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Br J Gen Pract. 2007 December 1; 57(545): 994.
PMCID: PMC2084141

Diploma in mental health

Kirsten Lawson
Crisis Assessment and Treatment Team, 11 Miners Way, Aylesham, Canterbury, CT3 3AW. E-mail: ku.gro.srotcod@noswalk

First of all, we should say, we are not GPs, we are specialist registrars in psychiatry. We do however appreciate the fact that mental health problems are extremely common in primary care and that GPs are left with the burden of assessing and managing many different mental illnesses with a range of severity and complexity which don't necessarily reach us in secondary care. Other disciplines, such as child health and obstetrics and gynaecology, offer Royal College approved diplomas in their specialist areas to enable GPs to build on their clinical skills and problem solving abilities. Should The Royal College of Psychiatrists be doing something similar?

We sent out a postal questionnaire to 207 GPs and GP trainees in the Canterbury and Thanet area of Kent, England to explore this further. We received 129 replies (61%); 7% of these were GP trainees; 52% of GPs had their MRCGP or international equivalent; and 51 % of all responders had worked in a psychiatric post as part of their training, with a median length of 6 months' experience. Figure 1 shows the estimated percentage of patients seen per week with psychiatric problems.

figure bjpg57-994aS1

The vast majority of responders felt confident in dealing with patients with psychiatric problems (86%), as opposed to not very confident or very confident. But 84% responded that a diploma would, in general, be a useful qualification for GPs and 43% said that they themselves would be interested in taking it (this included all of the GP trainees). These results did not correlate with previous psychiatric experience or attainment of the MRCGP.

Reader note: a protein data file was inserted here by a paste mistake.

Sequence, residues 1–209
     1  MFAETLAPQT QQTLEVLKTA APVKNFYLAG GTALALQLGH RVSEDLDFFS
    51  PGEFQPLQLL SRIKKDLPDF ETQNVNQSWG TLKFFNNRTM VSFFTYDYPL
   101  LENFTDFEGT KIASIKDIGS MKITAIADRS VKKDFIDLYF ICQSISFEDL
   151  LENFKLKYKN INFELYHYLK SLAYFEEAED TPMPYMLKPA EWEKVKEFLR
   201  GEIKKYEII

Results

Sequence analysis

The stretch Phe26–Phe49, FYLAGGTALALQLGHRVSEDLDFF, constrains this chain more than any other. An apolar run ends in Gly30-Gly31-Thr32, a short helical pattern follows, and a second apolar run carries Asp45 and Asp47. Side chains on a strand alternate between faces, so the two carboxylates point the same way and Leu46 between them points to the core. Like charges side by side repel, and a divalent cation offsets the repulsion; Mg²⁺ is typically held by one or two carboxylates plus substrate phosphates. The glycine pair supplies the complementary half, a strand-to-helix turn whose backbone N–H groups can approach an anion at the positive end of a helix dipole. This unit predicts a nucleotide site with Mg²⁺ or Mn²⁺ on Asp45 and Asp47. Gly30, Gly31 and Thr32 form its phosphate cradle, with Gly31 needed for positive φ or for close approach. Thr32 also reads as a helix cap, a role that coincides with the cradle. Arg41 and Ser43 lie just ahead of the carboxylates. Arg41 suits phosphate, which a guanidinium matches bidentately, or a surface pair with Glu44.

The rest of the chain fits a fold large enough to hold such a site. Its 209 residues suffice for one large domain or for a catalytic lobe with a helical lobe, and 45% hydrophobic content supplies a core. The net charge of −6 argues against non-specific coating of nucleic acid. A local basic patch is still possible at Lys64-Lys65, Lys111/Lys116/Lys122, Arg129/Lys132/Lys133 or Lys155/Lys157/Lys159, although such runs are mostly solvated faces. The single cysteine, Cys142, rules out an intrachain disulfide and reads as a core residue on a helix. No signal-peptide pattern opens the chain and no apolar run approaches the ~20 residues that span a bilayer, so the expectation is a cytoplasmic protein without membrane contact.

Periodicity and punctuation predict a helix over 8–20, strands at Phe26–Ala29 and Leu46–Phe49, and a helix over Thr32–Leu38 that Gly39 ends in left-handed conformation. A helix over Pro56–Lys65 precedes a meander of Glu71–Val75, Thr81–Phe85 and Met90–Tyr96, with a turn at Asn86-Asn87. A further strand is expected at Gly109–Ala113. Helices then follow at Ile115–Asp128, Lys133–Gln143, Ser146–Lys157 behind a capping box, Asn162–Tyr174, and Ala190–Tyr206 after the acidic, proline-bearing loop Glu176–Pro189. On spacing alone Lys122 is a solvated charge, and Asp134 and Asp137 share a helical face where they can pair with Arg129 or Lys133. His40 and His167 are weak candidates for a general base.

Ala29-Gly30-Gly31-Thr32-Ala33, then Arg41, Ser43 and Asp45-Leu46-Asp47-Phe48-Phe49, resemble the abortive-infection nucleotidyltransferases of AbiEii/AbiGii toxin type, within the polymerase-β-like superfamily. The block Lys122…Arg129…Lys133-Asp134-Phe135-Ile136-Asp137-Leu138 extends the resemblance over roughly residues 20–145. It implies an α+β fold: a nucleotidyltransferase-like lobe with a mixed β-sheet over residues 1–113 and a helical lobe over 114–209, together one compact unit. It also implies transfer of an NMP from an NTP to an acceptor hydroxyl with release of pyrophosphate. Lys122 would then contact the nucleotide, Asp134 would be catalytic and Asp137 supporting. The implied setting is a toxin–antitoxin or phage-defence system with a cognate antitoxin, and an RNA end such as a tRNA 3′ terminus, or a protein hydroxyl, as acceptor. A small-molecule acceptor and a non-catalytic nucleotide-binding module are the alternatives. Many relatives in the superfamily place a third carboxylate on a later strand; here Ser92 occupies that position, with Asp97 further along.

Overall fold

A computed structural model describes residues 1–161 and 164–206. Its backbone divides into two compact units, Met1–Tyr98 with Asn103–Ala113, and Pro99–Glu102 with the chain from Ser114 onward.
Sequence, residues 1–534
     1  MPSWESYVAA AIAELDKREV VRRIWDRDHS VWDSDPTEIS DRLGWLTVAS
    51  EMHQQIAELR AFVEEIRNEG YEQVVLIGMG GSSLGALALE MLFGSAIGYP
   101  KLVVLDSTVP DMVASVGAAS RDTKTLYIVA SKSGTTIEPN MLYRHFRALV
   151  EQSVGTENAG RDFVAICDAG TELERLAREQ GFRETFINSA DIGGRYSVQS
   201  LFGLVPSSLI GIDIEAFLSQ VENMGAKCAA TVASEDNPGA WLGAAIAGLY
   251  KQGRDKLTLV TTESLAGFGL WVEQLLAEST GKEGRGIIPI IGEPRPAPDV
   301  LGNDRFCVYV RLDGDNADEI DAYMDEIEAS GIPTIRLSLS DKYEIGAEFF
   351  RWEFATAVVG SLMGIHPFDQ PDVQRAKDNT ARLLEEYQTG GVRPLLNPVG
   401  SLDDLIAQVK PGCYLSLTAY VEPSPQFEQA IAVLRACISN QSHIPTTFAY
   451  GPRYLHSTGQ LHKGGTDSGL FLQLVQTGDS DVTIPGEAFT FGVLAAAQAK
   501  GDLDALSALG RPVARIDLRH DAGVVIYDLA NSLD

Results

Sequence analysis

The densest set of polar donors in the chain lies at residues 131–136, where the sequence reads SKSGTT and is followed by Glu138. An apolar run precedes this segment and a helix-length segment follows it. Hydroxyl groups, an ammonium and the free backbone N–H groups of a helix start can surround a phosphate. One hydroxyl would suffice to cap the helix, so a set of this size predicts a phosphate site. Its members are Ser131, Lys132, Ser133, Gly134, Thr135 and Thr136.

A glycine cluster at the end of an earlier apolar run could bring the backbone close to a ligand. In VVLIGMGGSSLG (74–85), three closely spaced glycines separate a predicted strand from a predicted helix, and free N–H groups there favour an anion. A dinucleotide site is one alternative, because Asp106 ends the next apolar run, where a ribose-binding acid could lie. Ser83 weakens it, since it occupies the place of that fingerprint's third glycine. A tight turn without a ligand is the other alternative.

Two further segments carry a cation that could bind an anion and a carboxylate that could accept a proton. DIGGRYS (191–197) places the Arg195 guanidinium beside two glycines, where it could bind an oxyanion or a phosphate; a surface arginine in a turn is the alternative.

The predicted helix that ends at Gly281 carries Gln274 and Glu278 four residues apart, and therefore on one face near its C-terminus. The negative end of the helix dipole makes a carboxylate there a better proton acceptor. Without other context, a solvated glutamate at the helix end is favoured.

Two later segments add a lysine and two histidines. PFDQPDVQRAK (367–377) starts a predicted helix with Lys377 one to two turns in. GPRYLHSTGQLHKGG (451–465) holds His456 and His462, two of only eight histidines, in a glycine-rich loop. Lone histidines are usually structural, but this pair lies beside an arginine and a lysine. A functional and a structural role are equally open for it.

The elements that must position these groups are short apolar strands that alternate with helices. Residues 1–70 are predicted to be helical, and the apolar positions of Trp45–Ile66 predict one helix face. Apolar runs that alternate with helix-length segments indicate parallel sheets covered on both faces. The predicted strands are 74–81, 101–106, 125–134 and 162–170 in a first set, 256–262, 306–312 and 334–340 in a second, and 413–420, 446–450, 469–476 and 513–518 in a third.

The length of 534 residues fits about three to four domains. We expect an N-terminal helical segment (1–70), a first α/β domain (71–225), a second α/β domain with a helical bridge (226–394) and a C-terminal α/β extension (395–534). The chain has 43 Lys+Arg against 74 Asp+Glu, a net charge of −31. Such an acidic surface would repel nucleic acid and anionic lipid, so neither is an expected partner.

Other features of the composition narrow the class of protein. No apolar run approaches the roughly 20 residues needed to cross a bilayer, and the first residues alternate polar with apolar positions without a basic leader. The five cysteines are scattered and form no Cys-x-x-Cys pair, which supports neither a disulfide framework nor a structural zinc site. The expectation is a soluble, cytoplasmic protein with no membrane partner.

Within the space allowed for any further comments, there were healthy concerns with regards to the content remaining grounded in primary care needs and this not just being a ‘money spinner’ for the college (with which we wholeheartedly agree). There were also concerns as to the mode of delivery of the training, that is, distance learning as opposed to centralised study.

We are now taking this information forward to The Royal College of Psychiatrists. With all of the GP trainees and nearly half of the GPs who replied expressing an interest in an approved diploma, what better recommendation could there be?


Articles from The British Journal of General Practice are provided here courtesy of Royal College of General Practitioners